This is the first of our ‘Life of a Lecturer’ blog posts to appear on our department Facebook page, and it got me thinking about ripples. Before you get carried away with a delicious fantasy, I don’t mean this sort of ripple:
Lovely as that would be to a woman trying to avoid the chocolate bars lurking in her desk drawer, I mean this sort of ripple:
Actually, now that I come to think of it I suppose I don’t really mean either of these, but rather the ripples we leave in people’s lives by our love of literature.
This blog was started with the idea that it would give school and college students some idea of what life is like at university; we also hoped that our own students might like to take a look behind the scenes. It has ended up being a bit of a meandering journey through a part of my life, and the life of my department, with plenty of stops along with way to admire both literature and our reaction to it.
At the outset, I had not realised that friends and family members might stumble across it. I had not even considered that alumni of the university would see it and get back in touch – a delightful bonus. So the blog has rippled out further than I might have expected, but I still feel some control over it. I decide what to write in it, and I was posting to it for many months before deciding to link it to Facebook.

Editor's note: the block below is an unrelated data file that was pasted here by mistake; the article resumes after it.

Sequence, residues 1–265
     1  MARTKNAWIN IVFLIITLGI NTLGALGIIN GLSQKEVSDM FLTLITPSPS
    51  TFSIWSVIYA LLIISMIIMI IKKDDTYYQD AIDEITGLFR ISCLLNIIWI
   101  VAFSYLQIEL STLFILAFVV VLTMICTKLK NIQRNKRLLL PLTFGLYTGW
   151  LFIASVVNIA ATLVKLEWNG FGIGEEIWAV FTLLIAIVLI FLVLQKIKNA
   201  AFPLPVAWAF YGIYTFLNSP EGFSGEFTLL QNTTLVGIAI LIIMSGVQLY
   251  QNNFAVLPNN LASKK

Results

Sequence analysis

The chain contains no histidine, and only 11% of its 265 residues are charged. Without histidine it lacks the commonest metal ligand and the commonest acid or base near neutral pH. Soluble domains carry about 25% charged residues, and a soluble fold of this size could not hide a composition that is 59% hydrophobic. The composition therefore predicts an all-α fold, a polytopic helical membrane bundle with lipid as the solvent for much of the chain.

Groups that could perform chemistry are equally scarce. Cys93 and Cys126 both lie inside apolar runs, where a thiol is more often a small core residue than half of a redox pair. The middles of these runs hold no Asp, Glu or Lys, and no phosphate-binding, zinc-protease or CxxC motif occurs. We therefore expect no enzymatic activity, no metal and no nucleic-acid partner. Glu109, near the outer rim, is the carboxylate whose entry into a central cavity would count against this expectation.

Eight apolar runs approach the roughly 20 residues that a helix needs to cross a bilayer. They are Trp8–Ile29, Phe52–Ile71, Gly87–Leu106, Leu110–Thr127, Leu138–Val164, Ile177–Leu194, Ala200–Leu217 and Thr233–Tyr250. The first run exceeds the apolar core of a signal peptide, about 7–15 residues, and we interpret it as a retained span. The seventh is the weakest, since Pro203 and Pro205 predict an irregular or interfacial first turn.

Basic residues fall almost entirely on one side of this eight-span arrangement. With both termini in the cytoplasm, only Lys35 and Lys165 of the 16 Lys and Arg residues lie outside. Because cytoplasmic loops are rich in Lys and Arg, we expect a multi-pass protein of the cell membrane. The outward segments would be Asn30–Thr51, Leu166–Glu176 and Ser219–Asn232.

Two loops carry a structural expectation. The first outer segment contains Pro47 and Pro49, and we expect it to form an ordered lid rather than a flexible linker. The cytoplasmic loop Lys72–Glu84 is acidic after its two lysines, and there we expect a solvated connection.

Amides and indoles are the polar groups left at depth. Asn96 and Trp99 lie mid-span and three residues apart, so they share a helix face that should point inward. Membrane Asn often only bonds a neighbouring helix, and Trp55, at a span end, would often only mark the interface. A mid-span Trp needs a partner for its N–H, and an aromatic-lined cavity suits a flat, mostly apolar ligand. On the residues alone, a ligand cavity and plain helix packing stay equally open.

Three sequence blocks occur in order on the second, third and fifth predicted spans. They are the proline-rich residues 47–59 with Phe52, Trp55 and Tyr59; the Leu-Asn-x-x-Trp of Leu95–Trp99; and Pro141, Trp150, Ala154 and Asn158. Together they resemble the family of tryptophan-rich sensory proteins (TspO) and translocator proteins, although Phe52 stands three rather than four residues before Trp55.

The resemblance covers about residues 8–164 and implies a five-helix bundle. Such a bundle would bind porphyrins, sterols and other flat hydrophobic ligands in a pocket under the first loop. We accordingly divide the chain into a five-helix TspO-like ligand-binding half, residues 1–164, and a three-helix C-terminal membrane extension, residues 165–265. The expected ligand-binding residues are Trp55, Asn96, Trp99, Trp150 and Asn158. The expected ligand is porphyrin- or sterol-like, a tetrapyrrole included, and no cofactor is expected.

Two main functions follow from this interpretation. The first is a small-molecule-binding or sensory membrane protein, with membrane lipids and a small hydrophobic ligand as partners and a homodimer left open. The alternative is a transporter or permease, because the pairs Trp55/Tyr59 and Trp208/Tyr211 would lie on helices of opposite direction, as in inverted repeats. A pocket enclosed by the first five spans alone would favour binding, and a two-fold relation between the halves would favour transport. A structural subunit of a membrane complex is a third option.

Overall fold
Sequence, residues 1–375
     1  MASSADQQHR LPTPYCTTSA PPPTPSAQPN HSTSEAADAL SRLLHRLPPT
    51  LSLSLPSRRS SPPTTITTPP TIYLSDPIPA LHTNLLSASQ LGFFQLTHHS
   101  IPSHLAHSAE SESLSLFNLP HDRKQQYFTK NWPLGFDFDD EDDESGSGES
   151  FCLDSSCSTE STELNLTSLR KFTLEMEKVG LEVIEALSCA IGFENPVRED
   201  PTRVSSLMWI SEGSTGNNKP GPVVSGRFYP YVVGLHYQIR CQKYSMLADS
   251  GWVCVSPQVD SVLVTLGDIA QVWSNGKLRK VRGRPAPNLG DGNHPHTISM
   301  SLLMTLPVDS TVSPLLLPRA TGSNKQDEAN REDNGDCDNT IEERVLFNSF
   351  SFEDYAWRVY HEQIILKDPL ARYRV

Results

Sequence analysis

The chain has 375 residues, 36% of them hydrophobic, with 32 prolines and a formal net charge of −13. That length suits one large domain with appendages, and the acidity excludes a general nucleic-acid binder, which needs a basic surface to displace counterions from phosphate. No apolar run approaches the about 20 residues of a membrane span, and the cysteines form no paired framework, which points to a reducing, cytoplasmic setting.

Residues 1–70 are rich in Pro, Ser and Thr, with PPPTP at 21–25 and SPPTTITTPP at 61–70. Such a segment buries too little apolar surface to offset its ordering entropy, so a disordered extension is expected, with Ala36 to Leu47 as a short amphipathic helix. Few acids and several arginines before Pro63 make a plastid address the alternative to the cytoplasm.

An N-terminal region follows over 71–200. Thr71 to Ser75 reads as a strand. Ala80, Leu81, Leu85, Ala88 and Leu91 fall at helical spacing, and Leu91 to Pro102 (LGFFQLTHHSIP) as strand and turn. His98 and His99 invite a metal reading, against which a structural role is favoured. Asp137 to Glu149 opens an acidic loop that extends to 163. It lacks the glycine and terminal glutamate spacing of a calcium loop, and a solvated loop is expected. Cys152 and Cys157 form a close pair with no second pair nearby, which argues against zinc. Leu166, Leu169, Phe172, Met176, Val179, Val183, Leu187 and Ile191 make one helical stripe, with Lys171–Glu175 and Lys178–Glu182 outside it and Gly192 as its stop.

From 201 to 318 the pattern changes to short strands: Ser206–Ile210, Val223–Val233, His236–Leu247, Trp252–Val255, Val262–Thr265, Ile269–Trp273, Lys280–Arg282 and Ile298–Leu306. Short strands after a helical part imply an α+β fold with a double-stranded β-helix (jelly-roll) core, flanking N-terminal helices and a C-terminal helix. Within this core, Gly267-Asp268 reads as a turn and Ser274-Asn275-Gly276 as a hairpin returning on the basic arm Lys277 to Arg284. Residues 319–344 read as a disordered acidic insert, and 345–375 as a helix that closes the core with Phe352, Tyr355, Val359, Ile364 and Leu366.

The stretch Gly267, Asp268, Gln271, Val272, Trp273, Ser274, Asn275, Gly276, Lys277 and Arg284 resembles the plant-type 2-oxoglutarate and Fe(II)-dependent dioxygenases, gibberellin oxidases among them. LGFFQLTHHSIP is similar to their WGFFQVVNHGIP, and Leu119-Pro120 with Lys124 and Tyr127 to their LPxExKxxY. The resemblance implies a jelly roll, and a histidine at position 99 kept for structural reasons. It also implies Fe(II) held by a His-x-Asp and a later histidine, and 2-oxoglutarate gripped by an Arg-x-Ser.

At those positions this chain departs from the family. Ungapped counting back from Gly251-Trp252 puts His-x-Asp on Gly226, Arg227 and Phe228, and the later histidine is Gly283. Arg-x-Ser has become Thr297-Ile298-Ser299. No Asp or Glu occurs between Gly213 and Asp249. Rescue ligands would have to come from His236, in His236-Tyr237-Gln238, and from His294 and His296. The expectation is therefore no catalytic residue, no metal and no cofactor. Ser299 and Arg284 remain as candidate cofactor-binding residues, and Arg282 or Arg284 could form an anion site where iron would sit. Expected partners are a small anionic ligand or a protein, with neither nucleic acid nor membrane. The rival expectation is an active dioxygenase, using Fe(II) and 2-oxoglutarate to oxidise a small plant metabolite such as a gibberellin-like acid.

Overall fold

I at least have the illusion of control, but our students can have no idea of the ripples they create. I was talking to a group of students last week about the way in which we respond to literature; I was hoping to get them thinking about how literature is sometimes valued as an artifact more than for the experience of reading. I was reminded of a lovely student who I taught some years ago. Over the course of her time with us she became so excited about literature, and the idea of owning books, that she wrote an essay on Alice’s Adventures in Wonderland as an artifact, including her memories of the book as an object of beauty on her parents’ bookcase.
Some months after she graduated the student told me that she had spent a significant part of her first month’s salary on old edition of Alice’s Adventures in Wonderland, and that she was determined to buy a first edition of one of her favourite books as soon as she could. She could have had no idea that, so many years later, her passion for literature would still be rippling through the department. Telling my students all about her opened up a lengthy discussion on literature and literary artifacts. I found my students confessing to the books they yearn to buy, as well as the ones they have read and reread to a state of tattered decay but which they cannot throw away.
I can’t identify the exact learning point we achieved in the session, but I do know that the ripples of my ex-student’s love affair with books were felt all around that room and, for that short time together, we all reminded ourselves of just how passionate is our love of literature.